1960 – 1988
Every line means something — Basquiat about his work
Jean-Michel Basquiat was born on December 22, 1960 in Brooklyn, New York. His father, Gerard Basquiat was born in Port-au-Prince, Haiti and his mother, Matilde was born in Brooklyn of Puerto Rican parents.
Jean-Michel Basquiat’s productive career spanned just one short decade, yet he is considered one of the best-known artists of his generation and one of only a small number of Hispanic-African-American artists to have achieved international recognition. Graduating from subway walls to canvas and from the streets of New York to the galleries of SoHo, the artist and his work will forever remain a mystery to those who seek explanation.
Jean-Michel’s early years were spent with his middle class Haitian father, Gerard, who was unable to fulfill his son’s need for nurturing and recognition. To fill the void, Jean-Michel hit the streets of New York at a young age where art became an outlet for his anger and empty childhood. Also known by the tag “SAMO,” Jean-Michel’s unique brand of graffiti was found throughout Manhattan as early as 1976. “His work from the first consisted of conceptual, enigmatic combinations of words and symbols, executed with the curt simplicity of a late Roman inscription”, according to Henry Geldzahler, longtime curator of twentieth-century art at the Metropolitan Museum of Art.
Jean-Michel was 18 when he approached Geldzahler and Andy Warhol in a SoHo restaurant. He sold Andy a postcard for one dollar but was dismissed by Geldzahler as “too young.” Less than three years later (1981) he was invited by artist and filmmaker, Diego Cortez, to participate in the P.S. 1 show, (Institute for Art and Urban Resources), alongside more than twenty artists including Keith Haring, Robert Mapplethorpe, Kenny Sharf and Andy Warhol.
In early 1982 Jean-Michel took the art world by storm with his rampageous one-man show at Annina Nosei’s gallery. This momentum propelled him to the forefront of the Neo-Expressionist movement which was characterized by intense subjectivity of feeling and aggressively raw handling of materials. Jean-Michel, accustomed to pushing the envelope in all aspects of his life, had something special to offer the neo-expressionist admirer: “I cross out words so you will see them more – the fact that they are obscured makes you want to read them.”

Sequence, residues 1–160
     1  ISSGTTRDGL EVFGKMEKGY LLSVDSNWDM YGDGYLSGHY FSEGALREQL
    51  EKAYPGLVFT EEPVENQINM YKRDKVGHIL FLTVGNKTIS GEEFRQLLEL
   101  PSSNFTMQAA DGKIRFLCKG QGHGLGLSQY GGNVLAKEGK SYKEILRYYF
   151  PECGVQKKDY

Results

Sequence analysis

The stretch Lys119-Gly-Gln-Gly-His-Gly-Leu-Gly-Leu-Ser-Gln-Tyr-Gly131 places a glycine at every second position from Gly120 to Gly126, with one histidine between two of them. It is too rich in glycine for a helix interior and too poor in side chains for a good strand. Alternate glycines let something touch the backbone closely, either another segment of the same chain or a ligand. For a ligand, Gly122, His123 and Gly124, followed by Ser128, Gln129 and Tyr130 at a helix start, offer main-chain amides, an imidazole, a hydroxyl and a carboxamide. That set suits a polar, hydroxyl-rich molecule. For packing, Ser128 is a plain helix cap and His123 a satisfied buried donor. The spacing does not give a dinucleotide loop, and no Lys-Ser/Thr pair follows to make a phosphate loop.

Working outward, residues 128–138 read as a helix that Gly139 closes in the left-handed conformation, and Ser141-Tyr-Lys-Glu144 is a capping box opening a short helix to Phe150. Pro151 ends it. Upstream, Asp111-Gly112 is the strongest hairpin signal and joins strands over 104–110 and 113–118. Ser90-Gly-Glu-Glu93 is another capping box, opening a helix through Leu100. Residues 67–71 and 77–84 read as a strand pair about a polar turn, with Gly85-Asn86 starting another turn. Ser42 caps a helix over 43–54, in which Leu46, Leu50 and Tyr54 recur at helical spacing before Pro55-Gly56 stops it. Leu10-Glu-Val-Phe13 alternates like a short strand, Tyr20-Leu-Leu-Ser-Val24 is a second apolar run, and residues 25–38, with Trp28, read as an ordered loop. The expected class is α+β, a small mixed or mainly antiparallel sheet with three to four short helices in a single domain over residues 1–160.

By the age of 24 Jean-Michel would be a veteran of one-man shows under the guidance of such notable art dealers as Nosei, Larry Gagosian, Mary Boone and Bruno Bischofberger. Bischofberger introduced Jean-Michel’s art overseas as well as orchestrated the joint collaboration of Warhol and Basquiat in 1985 which involved some 60 works.
Jean-Michel preferred drugs and women (including Madonna) over galleries, art dealers, collectors, and money (although one would be hard pressed to determine which he had more of). Lacking the fatherly support and acknowledgment he so desperately sought, Jean-Michel was unable to balance fame and fortune with his personal demons. His candle burned out on August 12th 1988, the result of a drug overdose. “Since I was seventeen, I thought I might be a star. I’d think about my heroes, Charlie Parker, Jim Hendrix . . . I had romantic feeling of how people had become famous,” reminisced Jean-Michel before his death.
It has been written of Basquiat that he “embodies the myth of a modern Icarus who rose too quickly and burnt himself in the heat of the sun.” However, Robert Damiani, (Deputy Mayor and Councilor for Cultural Affairs, New York) brings us to a more profound conclusion: “I believe that, as an expression of a time that is tragic like no other in the history of the world, he consciously aimed his flight in the opposite direction, toward the infernos that are unexplored even by the outcasts of humanity who live out their brief earthly existence in the sinister roar of the subway, no longer on the road, but underground, irresistibly attracted by the disturbing profundity of the abyss.”